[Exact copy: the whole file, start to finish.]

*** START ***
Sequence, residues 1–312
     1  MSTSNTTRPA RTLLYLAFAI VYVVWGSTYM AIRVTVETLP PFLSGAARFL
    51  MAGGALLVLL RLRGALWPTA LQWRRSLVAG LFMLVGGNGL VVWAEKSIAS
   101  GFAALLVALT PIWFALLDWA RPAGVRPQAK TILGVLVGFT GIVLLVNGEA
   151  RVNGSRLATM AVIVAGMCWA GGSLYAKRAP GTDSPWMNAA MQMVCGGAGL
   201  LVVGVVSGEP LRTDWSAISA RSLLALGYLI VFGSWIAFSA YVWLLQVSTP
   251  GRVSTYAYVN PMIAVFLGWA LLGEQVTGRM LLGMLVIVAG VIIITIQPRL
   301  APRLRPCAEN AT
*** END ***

Sequence, residues 1–312
     1  MSTSNTTRPA RTLLYLAFAI VYVVWGSTYM AIRVTVETLP PFLSGAARFL
    51  MAGGALLVLL RLRGALWPTA LQWRRSLVAG LFMLVGGNGL VVWAEKSIAS
   101  GFAALLVALT PIWFALLDWA RPAGVRPQAK TILGVLVGFT GIVLLVNGEA
   151  RVNGSRLATM AVIVAGMCWA GGSLYAKRAP GTDSPWMNAA MQMVCGGAGL
   201  LVVGVVSGEP LRTDWSAISA RSLLALGYLI VFGSWIAFSA YVWLLQVSTP
   251  GRVSTYAYVN PMIAVFLGWA LLGEQVTGRM LLGMLVIVAG VIIITIQPRL
   301  APRLRPCAEN AT